A photo of my father, Commander of "C" Company, from the unit history of the 1902 Aviation Engineers' overseas tour in the Battle of Okinawa.
The unit history of my father's World War II battalion arrived in the mail yesterday from Maxwell Air Force Base. It is absolutely fascinating, though difficult at times to decipher.
The reports that make up the history began life 66 years ago as monthly reports, typed up by an adjutant for the commanding officer who shot it up the chain of command to his commanding officer. Thus, they are, as is the case in almost all big organizations, reports heavy on things one would want the chief to know, and light on any details of "complications."
Once they were typed and filed and the war was over, boxes of these things were sent off to various military archives. My father's unit history ended up in the Air Force archives, apparently because, though he was with the Corps of Engineers, his unit was an Aviation Engineer Battalion, and when the war ended and the Air Corps became the Air Force, somebody somewhere decided to file that unit under "A" for Air Force instead of "E" for Engineers. The order of battle for Okinawa was very complicated as all the units--Army, Navy, Air Force, Marines, even the British Navy--were all under the overall command of the U.S. Navy.
It appears the files were put on microfilm in the 1970s, from the paperwork I have read so far. But my version of them came in the form of two CD-Rs. The history, in PDF form, is completely jumbled. It begins in October of 1945 at Geiger Field, in Spokane, Washington, then skips to January 1946, when suddenly the 1902 Aviation Engineers are in Sasebo, Japan. Somewhere along the way I saw the unit referred to as the "Wild Deuces" another factoid my father never mentioned and probably didn't find interesting in the least since all he wanted to do in this unit was get out alive and return home to my mother. Giving an engineering unit a nickname involving "wild" must have been some wise guy's idea of military humor. The wildest activity I've read of so far in the unit history is an organized vollyball tournament.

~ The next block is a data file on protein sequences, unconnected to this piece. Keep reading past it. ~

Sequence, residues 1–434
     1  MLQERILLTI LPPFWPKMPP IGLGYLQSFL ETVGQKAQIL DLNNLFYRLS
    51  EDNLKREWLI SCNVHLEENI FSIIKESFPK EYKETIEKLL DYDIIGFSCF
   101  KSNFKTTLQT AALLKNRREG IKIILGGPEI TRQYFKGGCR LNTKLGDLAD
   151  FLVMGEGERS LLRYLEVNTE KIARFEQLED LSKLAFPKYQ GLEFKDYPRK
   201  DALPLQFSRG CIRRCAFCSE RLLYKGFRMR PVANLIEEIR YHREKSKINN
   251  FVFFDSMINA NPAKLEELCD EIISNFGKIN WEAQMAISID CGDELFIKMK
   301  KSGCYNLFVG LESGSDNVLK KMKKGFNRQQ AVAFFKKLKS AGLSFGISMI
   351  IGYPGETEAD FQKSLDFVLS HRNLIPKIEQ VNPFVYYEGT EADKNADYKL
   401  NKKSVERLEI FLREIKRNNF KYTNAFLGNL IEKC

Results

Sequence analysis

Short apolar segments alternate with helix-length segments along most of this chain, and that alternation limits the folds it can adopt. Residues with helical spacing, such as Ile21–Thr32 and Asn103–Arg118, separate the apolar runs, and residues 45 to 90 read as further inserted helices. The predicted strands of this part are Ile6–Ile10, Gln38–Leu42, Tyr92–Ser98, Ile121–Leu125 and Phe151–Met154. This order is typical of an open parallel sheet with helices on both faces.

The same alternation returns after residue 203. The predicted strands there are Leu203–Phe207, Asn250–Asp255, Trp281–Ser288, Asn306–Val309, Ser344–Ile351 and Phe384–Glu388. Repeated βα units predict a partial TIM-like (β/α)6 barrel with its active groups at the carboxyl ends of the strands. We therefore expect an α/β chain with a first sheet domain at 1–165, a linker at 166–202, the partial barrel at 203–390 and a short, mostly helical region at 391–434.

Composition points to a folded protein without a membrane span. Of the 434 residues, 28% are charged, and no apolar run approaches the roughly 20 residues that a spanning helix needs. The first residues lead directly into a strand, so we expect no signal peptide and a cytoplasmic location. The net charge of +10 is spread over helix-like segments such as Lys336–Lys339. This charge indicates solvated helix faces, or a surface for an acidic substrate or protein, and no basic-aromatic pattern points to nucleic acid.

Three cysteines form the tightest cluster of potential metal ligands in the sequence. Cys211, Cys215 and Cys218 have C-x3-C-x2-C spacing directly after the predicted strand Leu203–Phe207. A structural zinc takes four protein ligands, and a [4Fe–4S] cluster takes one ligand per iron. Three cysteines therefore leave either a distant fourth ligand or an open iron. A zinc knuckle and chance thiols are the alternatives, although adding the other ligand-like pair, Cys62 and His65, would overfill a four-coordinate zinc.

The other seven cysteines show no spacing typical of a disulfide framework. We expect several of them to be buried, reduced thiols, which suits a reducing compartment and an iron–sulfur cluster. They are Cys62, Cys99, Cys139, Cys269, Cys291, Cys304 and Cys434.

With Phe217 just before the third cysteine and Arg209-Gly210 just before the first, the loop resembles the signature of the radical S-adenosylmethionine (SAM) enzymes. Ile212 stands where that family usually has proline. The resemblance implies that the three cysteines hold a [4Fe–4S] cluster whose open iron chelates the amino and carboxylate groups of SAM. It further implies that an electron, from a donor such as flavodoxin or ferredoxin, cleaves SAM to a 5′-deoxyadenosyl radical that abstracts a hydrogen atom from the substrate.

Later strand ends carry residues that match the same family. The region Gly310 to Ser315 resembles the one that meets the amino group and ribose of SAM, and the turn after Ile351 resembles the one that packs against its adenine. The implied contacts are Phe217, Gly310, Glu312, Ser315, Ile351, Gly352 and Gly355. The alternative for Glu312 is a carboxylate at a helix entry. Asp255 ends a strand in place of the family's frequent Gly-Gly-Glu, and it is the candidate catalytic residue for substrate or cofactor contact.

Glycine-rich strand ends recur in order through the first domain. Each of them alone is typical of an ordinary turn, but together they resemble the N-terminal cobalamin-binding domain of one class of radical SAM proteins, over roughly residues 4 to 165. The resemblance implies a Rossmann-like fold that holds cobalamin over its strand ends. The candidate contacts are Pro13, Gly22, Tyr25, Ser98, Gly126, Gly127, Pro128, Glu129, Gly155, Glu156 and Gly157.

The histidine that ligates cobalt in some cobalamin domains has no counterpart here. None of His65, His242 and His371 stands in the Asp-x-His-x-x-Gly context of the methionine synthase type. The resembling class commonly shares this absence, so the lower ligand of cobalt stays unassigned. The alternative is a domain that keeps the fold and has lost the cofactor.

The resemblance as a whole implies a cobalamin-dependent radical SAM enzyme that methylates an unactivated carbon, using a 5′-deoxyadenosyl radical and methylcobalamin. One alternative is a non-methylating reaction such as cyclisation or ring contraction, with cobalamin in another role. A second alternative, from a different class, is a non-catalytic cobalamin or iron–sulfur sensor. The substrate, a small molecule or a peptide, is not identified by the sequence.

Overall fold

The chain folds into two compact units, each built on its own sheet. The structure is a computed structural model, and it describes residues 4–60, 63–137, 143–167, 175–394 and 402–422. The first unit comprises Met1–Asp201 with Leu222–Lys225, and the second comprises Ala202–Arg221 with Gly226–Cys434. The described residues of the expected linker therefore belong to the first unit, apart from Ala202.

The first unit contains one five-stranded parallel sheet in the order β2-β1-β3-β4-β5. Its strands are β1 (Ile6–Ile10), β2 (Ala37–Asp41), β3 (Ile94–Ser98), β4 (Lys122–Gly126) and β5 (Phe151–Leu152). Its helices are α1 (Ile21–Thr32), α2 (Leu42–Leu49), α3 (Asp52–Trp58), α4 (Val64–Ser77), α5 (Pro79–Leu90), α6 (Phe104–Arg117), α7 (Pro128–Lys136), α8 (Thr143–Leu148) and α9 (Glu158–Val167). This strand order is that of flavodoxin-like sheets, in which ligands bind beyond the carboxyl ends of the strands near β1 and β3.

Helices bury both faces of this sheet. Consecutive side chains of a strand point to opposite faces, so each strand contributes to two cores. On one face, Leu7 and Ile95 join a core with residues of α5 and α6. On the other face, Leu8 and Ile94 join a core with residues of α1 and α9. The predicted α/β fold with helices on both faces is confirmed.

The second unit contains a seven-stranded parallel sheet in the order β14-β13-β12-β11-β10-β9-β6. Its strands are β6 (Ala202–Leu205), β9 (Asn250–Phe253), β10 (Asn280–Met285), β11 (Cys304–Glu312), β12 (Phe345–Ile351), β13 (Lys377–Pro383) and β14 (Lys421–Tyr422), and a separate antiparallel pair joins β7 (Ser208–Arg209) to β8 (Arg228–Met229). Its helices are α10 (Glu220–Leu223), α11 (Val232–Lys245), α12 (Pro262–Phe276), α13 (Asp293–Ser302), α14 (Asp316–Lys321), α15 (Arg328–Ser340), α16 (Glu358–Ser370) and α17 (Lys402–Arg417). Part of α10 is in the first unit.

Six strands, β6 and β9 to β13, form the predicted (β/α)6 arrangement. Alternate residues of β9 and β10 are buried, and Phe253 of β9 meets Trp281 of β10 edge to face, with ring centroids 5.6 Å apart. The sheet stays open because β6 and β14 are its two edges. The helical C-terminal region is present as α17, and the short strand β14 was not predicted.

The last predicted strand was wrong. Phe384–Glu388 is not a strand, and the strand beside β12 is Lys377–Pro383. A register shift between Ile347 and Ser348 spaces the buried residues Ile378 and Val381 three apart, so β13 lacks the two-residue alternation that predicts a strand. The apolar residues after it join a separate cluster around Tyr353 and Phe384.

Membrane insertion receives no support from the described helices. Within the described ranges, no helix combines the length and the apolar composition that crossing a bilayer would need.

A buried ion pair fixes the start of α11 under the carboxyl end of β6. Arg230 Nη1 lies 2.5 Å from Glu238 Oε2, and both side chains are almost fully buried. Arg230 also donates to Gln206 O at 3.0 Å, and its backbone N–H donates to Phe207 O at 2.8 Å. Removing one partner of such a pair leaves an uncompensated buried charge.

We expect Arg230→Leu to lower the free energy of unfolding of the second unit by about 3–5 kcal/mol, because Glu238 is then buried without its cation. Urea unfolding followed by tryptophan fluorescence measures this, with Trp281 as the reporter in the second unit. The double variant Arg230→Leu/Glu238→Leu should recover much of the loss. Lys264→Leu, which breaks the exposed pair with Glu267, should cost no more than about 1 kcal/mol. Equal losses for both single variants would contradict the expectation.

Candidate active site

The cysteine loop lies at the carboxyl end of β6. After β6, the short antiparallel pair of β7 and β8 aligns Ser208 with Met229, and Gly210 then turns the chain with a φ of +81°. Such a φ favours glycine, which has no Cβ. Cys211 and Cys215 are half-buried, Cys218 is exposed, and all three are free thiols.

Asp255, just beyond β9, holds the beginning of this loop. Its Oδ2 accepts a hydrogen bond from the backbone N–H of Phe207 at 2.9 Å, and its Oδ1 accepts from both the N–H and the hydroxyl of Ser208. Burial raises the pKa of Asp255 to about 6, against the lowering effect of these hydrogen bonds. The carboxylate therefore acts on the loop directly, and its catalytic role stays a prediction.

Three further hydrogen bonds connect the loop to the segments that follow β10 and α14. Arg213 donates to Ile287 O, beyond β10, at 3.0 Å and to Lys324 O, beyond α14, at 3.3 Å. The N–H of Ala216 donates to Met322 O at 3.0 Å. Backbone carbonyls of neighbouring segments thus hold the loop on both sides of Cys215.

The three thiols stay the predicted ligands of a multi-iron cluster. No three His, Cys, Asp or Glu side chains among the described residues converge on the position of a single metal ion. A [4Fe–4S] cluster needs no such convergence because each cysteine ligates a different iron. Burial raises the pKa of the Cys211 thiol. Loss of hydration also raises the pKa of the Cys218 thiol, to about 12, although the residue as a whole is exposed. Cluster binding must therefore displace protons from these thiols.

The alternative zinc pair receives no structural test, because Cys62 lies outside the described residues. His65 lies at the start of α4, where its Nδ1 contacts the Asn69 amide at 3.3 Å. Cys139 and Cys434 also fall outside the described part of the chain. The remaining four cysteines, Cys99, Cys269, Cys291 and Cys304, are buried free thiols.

I discovered that if I kept scrolling through the PDF files, I eventually got all the monthly reports. They were just completely out of order, so a researcher has to be patient in reading through them. Several of the pages were upside down, just to make things more fun.
The photographs, in most cases, are impossible to make out, as they were photocopied for the paper reports, photocopied again for the microfilm copies, and then lost another generation when they were put on CDs. I was able to make out one photo of my father, which I put at the top of this post. That picture was in a report that one of the officers (at bit of a yahoo it appears) put together as a sort of a "yearbook" of their "adventure" overseas, kind of like a souvenir program. If my father ever had a copy of that, he seems to have filed that in his round file. Anyway, he's in there, wearing a goofy smile as Commander of "C" company. I looked through my mother's old wartime photo album and found the tiny original.
One of the unit's orders, issued as they embarked from the Port of Seattle in February 1945, said the men in the unit were to wear their uniforms until they were "in tatters." That's a direct quote. It appears, if you examine my father's uniform in this photo, he is just about there. I guess they had enough supply challenges without having to worry about everybody looking super spiffy as the bombs flew.
In none of the books I've read about the Battle of Okinawa has this particular source material been used. The jobs of engineers aren't very exciting and rarely make the history books. But in just one night on the island, June 23-24, twenty of the men were killed when a Japanese bomber got through the radar screen. So they faced the same dangers as the more glamorous fighting men did--which is sad to say, since there is no glamour at all in dying young.
I can't tell you how much like opening a treasure box this is--to be one of the first to review these reports in almost seven decades.
There is so much in them. Several mysteries were cleared up, and I'll have more about that in the days ahead.
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